The Heracliad: The Epic Saga of Hercules
There’s probably no better known figure in Greek mythology than Heracles (a.k.a. Hercules). His prodigious strength and heroic feats have spanned millennia, told and retold so many times that it’s hard to separate the original tales from pop culture’s interpretations in film and television. How does Kevin Sorbo’s paragon of virtue or Alan Steel’s hunky dimwit compare to the lion-pelted son of Zeus the Greeks envisioned?
Richard Bertematti tackled the unenviable task of assembling as complete a telling of the life and adventures of Heracles as possible, and for the most part, he did exactly that. The Heracliad offers the birth-to-death chronicle of the half-god’s exploits, focusing mainly on his twelve labors and his involvement with the Argonauts. And the picture he draws is more conflicted than any I’ve ever encountered.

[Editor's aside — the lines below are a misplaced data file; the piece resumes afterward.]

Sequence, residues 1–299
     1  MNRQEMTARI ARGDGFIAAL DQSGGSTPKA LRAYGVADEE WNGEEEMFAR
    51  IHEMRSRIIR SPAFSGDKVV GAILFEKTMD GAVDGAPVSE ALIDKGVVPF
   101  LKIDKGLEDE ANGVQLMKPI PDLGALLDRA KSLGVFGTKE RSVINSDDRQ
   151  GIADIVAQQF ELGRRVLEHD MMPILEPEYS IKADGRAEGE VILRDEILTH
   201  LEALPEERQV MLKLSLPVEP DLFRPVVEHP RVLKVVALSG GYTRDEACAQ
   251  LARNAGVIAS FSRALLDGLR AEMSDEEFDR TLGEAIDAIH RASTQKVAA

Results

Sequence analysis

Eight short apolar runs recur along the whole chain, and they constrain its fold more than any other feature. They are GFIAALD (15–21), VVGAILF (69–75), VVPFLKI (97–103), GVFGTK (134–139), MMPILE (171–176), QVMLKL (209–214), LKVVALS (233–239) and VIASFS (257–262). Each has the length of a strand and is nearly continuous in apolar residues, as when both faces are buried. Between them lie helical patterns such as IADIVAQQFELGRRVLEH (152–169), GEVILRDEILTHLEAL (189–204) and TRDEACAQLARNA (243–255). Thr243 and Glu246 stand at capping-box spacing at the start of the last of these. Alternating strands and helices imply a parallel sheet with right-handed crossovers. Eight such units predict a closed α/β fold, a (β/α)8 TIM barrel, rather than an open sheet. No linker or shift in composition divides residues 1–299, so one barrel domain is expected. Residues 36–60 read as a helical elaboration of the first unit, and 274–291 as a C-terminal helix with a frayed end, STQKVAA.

In these tales, Heracles ricochets wildly between foolish pride, heroic selflessness, callous disregard, and wanton entitlement, and you never know whether he’ll regret one action for years or shrug it off as no big thing. While The Heracliad does make Heracles more human, it doesn’t clear the air nearly as effectively as Bertematti hoped.
|Page Count||700 pages|
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